I Am Young & Healthy, Do I Need Insurance?
The question in the title is short, but there’s a lot to unpack. You’re young: what does that mean? Under 25? Under 40? Under 65? Young is relative. You’re healthy: what does that mean? You’ve never broken a bone? You’ve never had a major surgery? You don’t have any serious diseases?
And finally, do you need insurance? The answer to this is a bit more clear. You don’t need most things – there are, instead, things that you want. You want a house, because you want a place to live. You want home insurance, because your home is your most valuable asset, and if you were to lose it, your way of living would be shaken to its core. You hope to never use home insurance, but you have it nonetheless. That’s true no matter how young and healthy you are.
Of course, when people are asking whether they should buy insurance while they’re in their prime, they’re usually asking about life insurance and critical illness insurance. The purpose of both of these types of insurance is relatively simple: they serve to replace (among other things) lost income should you become very ill or injured (in the case of critical illness insurance) or pass away (in the case of life insurance).
So, if you’re young and healthy, should you get critical illness or life insurance? The answer is probably yes. In all likeliness, you won’t actually need to use the insurance – that’s the best-case scenario. When you’re young and healthy (that is, when you don’t have pre-existing conditions), your premium for critical illness or life insurance will be quite low. The advantages should the worst-case scenario occur, however, can be an incredible lifeline.
When you’re seriously injured and can’t work, you have to rely on your savings and money from the government. The maximum disability pension offered by the Canada Pension Plan is $1387.66/month (as of the writing of this article in August, 2020) – not nearly enough to replace the income of most Canadians. You don’t want an accident or serious illness to stop you from working, and in all likeliness it won’t – but is that a risk that you can take?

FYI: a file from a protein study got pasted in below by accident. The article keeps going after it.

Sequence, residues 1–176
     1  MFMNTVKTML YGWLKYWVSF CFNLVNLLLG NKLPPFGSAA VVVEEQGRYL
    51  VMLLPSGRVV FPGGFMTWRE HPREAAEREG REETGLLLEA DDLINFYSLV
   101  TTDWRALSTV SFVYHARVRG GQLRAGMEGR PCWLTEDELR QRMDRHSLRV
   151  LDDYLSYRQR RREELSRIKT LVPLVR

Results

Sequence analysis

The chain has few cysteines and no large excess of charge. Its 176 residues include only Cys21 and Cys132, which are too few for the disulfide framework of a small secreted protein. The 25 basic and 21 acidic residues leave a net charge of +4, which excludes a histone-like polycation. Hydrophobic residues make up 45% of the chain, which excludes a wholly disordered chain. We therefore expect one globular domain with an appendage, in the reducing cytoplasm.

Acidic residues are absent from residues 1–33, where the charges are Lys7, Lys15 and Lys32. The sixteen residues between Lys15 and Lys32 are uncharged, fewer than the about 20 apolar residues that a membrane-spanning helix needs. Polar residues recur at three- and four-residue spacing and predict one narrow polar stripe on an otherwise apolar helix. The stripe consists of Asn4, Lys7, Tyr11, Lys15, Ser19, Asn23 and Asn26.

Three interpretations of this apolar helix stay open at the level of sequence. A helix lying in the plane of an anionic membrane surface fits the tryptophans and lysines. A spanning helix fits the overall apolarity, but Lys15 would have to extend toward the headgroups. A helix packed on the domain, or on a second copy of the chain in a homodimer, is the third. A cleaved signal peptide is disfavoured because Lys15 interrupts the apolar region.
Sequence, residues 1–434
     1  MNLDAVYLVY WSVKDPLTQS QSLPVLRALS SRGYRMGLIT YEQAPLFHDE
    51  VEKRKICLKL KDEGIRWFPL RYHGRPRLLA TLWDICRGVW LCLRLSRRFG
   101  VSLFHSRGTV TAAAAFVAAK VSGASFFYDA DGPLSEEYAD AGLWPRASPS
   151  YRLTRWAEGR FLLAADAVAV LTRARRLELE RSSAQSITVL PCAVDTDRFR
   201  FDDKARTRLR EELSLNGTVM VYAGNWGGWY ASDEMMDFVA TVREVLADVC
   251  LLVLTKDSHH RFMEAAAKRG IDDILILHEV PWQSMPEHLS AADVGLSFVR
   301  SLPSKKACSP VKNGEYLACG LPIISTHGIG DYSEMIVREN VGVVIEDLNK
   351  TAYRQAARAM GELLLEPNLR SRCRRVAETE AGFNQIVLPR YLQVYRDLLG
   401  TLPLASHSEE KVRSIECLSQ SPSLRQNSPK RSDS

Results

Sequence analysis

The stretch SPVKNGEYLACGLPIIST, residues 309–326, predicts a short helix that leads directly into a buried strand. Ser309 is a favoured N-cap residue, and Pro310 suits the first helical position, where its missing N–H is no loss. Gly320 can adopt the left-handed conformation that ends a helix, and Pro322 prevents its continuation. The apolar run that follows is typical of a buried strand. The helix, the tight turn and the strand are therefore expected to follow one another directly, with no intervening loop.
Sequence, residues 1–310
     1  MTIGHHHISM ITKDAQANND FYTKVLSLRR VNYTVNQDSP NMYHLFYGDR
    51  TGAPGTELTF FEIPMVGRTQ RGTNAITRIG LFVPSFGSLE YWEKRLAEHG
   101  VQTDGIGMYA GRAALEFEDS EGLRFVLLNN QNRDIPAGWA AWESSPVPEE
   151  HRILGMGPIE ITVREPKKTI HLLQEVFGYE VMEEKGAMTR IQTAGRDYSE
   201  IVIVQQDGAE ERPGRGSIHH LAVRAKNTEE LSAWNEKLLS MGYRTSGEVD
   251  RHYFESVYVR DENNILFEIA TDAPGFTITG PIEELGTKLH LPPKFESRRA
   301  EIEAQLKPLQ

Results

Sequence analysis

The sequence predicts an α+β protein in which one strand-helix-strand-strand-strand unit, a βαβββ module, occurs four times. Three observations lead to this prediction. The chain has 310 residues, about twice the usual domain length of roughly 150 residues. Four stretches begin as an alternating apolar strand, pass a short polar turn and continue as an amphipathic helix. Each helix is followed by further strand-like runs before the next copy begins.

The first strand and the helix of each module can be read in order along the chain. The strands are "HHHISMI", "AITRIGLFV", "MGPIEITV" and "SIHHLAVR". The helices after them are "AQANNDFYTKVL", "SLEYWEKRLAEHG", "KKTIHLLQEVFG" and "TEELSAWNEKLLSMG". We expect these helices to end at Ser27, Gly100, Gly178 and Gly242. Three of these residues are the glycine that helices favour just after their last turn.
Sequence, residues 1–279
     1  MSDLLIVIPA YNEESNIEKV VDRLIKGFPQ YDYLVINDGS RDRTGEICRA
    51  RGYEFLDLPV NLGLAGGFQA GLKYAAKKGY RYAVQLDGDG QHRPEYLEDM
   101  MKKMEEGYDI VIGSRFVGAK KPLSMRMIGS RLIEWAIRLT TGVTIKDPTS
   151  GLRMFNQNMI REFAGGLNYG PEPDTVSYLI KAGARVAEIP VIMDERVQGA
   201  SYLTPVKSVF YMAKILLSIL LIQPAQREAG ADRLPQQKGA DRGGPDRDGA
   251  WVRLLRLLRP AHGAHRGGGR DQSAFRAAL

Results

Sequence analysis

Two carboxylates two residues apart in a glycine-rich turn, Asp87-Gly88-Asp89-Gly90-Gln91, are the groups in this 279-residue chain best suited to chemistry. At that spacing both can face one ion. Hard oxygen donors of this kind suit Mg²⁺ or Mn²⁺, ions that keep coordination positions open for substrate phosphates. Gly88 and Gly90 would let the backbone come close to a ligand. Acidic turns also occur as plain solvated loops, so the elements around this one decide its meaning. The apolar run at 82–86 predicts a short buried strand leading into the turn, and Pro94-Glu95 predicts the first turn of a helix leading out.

The same idea is true of life insurance. Though life insurance may be a less important option if you don’t have a family, if you do have a family, and your income is essential to your family’s way of life, you should get life insurance. Thinking of these worst-case scenarios can be painful, but aversion to planning for the worst doesn’t mean you shouldn’t do it. You might be perfectly healthy, but a car accident can end that in the blink of an eye. That was uncomfortable to write, and I imagine it was uncomfortable to read. But it’s true, nonetheless.
Have you looked into critical insurance and life insurance? Though it’s impossible to evaluate whether or not you’ll feel life and critical illness insurance are worth it, we think they are. The premiums are much lower when you’re young and healthy, and the benefits, though we hope you’ll never need them, can be a lifeline in the hardest of circumstances.